In March 1783 an event took place that would have been inconceivable a few years earlier. A combined misl force under Jassa Singh Ahluwalia, outstanding among the Sikh chiefs for his qualities of leadership, entered Delhi, the imperial seat of the once mighty Mughals. Some of the misl leaders arrived at the Red Fort, which represented Mughal power, and walked into the emperor’s audience hall. Jassa Singh Ahluwalia had himself installed on the imperial throne. It was a symbolic move but its meaning was clear to all. The Khalsa withdrew only after the emperor agreed to an annual tribute. But when he broke his promise in 1785 the Sikhs returned to Delhi and subjugated it once again. They had no wish to take permanent possession of the city, but they made the emperor agree – which he readily did – to the construction of eight gurdwaras, each built on a site with a special significance for the Sikhs, one of them being Gurdwara Sis Ganj, on the spot where Emperor Aurangzeb had had Guru Tegh Bahadur, father of Guru Gobind Singh, tortured and beheaded in November 1675.
What the arrival of Sikh contingents in Delhi made clear to everyone was how far the Sikhs had come from the day Guru Nanak had founded the faith, despite the persecution they had faced over the centuries. Having forced their way to the heart of the Mughal empire unfazed by the odds, they made their entrance with supreme aplomb. Even more impressive was the extent to which the secular and civilized principles of their religious teachings were maintained. No orgy of bloodshed was indulged in despite the number of revered Sikhs who had been brought to Delhi over the years to be barbarically put to death by successive Mughal rulers.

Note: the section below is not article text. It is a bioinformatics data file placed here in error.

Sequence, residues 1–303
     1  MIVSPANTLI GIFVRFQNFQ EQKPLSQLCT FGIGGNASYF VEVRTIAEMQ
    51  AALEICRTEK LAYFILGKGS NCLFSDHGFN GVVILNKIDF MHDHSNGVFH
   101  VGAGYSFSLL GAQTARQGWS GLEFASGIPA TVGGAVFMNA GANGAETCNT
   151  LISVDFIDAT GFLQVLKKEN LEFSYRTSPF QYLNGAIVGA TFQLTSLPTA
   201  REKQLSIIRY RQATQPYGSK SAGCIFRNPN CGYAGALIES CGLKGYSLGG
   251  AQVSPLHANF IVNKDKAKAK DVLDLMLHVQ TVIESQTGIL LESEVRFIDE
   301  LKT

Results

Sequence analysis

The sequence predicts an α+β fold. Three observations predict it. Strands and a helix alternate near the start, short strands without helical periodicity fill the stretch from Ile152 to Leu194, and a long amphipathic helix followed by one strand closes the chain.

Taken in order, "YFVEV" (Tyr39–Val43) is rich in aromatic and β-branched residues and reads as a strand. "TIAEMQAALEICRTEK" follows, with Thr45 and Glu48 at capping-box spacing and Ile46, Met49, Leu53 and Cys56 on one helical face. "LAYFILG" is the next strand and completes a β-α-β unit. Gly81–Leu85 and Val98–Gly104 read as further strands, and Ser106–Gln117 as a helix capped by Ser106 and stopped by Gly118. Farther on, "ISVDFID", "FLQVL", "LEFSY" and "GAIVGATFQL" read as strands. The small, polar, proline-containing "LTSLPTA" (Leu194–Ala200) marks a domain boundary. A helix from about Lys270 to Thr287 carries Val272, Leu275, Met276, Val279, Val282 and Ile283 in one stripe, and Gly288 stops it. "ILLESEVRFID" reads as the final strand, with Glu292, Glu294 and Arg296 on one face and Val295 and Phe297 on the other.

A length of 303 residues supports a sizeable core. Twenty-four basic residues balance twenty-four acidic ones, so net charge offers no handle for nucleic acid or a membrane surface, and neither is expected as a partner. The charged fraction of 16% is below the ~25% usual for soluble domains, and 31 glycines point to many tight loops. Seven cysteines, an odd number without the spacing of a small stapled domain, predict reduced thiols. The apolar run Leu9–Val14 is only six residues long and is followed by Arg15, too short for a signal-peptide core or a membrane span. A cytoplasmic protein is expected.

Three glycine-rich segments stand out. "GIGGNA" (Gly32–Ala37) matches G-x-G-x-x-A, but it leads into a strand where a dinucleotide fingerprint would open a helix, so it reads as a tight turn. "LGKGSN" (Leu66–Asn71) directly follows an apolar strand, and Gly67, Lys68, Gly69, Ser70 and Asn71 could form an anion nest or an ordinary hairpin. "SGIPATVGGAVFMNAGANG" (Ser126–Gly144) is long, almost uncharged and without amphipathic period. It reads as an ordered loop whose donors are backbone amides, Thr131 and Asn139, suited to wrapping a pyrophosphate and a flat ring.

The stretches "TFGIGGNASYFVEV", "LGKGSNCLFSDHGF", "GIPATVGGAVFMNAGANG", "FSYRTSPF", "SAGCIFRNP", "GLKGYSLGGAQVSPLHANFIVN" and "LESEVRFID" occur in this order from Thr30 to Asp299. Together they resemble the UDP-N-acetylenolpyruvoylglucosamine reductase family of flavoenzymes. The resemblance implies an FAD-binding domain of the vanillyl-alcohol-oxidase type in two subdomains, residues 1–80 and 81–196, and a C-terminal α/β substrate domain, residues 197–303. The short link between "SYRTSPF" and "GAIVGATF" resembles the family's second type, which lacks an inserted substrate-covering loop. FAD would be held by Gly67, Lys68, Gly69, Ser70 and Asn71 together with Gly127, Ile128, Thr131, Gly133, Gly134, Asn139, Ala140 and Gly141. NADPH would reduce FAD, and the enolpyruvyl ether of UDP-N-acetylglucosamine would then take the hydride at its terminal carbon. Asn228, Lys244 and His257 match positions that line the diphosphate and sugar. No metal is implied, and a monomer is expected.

The misls contributed significantly to the Sikh vision, with its moral underpinnings. Each of them consolidated Sikh power in Punjab by imaginatively developing their territories and providing just administration. ‘In all contemporary records, mostly in Persian’, one modern historian points out, ‘written generally by Muslims as well as by Maratha agents posted at a number of places in Northern India, there is not a single instance either in Delhi or elsewhere in which Sikhs raised a finger against women …..’ And as we have seen, with Sikh rule now established over large parts of the Punjab, its people experienced a sense of security and witnessed a rapid increase in prosperity to a much greater degree than over the past half a century.